Discussion & conclusions

Relevant and comparable numbers are indispensable for analyzing and evaluating R&D measures and science policies. Both inputs and outcomes help us look thoroughly into the performance of R&D systems. However, if we want to study the details and for example the drives for changes in institutional or systemic behavior, quantitative data which are often used for international comparisons should be interpreted in context of qualitative factors and other socio-economic developments taking place in the society or specifically in the field of science or innovation policy. Pure macro-economic approach has its limitations. It can help us understand long-term effects of investing or cutting investment in public R&D on economic growth, yet, does not explain the effects of policy measures implemented at a finer level of detail (Soete, 2017). Therefore, we think that both data and developments are of the same importance for better understanding of functioning of any R&D system as well as for potential learning and lesson drawing.

When analyzing the performance of the system, we should very carefully look at its structure – whether it is homogenous or heterogeneous and fragmented in comparison to other systems of similar size. How many research organizations do operate within the system? Does the system include specialized institutions for basic research – for example the academy of sciences? How big is such a system? What is the role of universities in the R&D system? How big is the private higher education sector? Which fields are covered by existing research organizations and research infrastructures? What is the level of internationalization of the R&D system? Answers to these and other questions are needed in order to understand functioning of the system.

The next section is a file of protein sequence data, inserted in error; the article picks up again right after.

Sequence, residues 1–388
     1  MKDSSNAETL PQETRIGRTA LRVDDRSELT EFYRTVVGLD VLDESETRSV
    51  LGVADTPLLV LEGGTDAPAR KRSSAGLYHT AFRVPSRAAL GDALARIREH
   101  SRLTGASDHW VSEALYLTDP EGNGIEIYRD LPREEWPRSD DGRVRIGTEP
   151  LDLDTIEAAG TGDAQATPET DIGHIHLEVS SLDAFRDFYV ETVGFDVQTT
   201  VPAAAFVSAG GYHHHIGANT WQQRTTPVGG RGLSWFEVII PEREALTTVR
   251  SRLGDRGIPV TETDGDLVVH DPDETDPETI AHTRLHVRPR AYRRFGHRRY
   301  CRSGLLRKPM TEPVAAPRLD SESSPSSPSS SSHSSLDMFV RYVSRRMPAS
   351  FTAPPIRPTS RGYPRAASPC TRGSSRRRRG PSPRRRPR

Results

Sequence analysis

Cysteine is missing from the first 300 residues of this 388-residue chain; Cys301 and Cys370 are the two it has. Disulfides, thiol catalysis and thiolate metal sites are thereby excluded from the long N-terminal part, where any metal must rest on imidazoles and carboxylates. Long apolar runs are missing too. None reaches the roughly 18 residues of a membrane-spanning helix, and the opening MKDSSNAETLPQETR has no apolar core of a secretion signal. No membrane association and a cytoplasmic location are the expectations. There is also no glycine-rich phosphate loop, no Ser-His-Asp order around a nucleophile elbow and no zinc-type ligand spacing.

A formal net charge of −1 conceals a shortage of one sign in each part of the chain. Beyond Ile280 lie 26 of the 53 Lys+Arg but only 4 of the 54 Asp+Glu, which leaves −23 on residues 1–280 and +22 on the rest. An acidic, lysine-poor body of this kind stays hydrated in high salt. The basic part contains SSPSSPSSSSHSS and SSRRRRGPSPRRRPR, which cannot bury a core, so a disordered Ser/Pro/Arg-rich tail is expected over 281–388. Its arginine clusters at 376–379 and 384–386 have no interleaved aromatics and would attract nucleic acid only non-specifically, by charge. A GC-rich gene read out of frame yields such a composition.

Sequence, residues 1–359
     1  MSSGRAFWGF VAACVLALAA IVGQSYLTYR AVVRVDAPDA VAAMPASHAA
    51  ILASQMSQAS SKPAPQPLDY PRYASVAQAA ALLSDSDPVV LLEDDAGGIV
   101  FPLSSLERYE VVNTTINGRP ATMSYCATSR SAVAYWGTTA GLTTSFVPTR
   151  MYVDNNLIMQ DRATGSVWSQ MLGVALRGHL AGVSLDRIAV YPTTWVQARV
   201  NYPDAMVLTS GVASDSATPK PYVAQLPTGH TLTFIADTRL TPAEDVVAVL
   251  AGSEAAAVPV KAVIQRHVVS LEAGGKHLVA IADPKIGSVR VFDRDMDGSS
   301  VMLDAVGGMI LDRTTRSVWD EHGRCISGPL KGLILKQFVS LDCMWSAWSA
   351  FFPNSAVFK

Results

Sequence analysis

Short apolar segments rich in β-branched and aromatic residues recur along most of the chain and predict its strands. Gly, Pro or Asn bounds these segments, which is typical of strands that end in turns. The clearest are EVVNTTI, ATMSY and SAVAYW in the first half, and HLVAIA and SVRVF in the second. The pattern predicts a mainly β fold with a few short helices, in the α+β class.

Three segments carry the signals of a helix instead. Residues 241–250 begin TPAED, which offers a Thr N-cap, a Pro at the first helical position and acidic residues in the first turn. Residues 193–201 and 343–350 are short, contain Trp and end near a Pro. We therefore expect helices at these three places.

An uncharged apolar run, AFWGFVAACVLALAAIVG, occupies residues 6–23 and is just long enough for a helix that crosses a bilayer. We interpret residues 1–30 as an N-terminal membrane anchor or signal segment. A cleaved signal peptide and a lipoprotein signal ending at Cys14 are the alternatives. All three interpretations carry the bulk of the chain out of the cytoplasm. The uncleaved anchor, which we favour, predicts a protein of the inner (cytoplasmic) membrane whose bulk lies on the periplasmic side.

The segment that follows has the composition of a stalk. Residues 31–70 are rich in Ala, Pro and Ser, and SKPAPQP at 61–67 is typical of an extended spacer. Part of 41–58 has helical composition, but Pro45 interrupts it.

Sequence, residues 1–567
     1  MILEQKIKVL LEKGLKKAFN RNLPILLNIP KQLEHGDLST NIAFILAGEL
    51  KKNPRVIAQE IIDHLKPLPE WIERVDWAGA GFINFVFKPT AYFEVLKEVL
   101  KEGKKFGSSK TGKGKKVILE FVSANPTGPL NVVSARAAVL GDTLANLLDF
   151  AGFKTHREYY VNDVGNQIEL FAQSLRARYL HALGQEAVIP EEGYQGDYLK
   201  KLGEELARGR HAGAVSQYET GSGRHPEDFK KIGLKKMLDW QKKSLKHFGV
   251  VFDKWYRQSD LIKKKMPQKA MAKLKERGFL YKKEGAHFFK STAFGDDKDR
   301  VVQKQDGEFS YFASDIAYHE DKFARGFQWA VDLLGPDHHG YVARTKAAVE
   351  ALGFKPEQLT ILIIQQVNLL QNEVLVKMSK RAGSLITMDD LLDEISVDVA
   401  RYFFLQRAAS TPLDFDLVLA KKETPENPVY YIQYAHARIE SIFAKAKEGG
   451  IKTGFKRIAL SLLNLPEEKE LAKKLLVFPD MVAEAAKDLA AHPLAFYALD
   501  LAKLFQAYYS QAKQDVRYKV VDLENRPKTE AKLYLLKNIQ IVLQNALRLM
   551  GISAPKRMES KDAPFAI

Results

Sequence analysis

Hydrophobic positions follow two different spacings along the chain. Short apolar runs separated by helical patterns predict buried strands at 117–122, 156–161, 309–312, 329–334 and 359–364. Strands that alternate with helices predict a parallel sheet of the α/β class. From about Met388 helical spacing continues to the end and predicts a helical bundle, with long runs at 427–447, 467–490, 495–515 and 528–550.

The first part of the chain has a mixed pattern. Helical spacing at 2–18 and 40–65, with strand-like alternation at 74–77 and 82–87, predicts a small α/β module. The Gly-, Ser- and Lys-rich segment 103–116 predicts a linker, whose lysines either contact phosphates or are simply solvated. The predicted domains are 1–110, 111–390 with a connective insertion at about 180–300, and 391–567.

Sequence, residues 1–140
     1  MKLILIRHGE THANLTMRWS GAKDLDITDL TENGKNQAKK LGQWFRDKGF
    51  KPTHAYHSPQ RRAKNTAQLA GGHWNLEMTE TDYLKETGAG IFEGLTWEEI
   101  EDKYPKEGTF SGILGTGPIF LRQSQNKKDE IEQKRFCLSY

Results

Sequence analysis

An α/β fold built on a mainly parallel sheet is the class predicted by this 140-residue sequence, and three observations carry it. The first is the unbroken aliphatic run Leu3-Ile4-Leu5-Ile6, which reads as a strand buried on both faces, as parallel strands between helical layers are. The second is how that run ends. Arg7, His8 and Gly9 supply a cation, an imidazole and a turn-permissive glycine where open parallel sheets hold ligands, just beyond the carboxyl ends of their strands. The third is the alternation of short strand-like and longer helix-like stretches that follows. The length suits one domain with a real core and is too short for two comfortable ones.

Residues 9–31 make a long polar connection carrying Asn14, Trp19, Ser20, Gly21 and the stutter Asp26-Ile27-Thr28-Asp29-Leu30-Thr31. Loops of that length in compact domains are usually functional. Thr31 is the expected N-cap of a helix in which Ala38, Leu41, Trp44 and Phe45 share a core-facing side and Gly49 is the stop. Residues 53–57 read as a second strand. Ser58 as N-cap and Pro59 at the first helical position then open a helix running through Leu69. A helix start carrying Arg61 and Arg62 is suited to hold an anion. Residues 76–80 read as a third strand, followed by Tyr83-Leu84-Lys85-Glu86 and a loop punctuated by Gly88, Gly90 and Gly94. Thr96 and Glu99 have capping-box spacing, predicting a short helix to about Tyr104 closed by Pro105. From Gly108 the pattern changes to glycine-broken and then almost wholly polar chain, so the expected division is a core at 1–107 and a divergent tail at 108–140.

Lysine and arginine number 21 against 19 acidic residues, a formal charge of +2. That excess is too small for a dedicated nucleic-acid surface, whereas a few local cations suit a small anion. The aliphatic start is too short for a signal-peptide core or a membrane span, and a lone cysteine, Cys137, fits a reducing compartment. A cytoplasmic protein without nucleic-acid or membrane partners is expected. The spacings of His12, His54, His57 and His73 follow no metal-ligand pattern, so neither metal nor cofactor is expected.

Another important factor is the way R&D is financed in each country. There are basically two main streams through which research organizations can be funded from public resources – either via grants provided by grant agencies, ministries and other providers, or via institutional support. What is the ratio between institutional funding and grants? What is the ratio between support for basic research and applied research? How much resources get research organizations from business and from international sources?

Also the internal structure of the public resources invested in the public R&D sector should be carefully scrutinized. During the analyzed period, all V4 countries used European Structural Funds4 to support their research – to build new research infrastructures and purchase research equipment. Investment into research infrastructure and research equipment mainly through European Regional and Development Fund (ERDF) played a very significant role in shaping the overall public research system. What was the role of European Structural Funds in each country? Were completely new research centers built in the country? What was their position within the system?